Concern over the nation’s looming deficit has prompted a renewed focus on the need for spending cuts. Some in Washington would shield the Pentagon’s budget from scrutiny, but several newly elected members of Congress who have put deficit reduction at the top of their agenda have said that military spending cuts must be on the table. The costs associated with being the world’s policeman, they say, are simply too high. The United States must seek ways to shift the burdens of defense to other countries who have enjoyed the free ride at American taxpayers’ expense for too long. Who will prevail? In what ways will fiscal constraints force Washington to reconsider the purpose of American military power? Will Washington rein in its ambitions as defense spending comes down, or will our troops be forced to bear additional burdens? Please join us for a discussion of these issues.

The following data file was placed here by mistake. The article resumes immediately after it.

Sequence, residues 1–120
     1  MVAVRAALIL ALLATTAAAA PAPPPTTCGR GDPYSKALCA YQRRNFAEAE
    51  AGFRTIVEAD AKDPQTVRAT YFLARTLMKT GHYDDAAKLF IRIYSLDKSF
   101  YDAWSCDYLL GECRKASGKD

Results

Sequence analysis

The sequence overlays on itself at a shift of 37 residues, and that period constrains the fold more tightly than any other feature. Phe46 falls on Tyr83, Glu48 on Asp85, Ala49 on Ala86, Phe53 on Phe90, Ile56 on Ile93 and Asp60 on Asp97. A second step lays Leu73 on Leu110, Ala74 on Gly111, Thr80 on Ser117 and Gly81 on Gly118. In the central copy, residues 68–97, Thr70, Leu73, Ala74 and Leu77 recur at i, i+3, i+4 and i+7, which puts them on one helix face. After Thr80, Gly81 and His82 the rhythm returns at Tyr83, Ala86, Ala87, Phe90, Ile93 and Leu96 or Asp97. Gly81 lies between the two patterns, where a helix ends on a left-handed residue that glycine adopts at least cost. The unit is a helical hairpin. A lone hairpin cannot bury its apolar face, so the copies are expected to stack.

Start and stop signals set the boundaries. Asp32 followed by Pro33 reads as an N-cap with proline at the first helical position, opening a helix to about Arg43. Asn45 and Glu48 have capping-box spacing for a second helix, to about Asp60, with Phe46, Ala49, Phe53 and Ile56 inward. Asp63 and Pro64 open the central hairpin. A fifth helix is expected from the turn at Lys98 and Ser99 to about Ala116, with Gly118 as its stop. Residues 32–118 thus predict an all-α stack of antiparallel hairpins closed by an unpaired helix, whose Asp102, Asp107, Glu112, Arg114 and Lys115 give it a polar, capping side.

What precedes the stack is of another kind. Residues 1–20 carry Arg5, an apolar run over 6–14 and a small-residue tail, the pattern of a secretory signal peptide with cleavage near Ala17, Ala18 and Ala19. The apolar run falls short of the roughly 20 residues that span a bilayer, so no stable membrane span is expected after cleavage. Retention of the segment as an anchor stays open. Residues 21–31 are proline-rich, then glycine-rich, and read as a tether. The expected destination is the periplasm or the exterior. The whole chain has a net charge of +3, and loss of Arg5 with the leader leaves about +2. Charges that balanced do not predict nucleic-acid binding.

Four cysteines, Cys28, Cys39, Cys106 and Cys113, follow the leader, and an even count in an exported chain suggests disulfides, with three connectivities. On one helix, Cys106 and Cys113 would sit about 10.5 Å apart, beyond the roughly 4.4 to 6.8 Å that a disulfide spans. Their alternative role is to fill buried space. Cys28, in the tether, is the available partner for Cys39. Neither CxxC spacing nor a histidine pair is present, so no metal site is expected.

Featuring Mike German, Senior Policy Counsel, American Civil Liberties Union; Eileen Larence, Director of Homeland Security and Justice Issues, Government Accountability Office; Michael Price, Counsel, Liberty & National Security Program, Brennan Center for Justice; and Jim Harper, Director of Information Policy Studies, Cato Institute.
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The 2008-2009 financial crisis and Great Recession have vastly increased the power and scope of the Federal Reserve, and radically changed the financial landscape. This new ebook examines those changes and considers how the links between money, markets, and government may evolve in the future.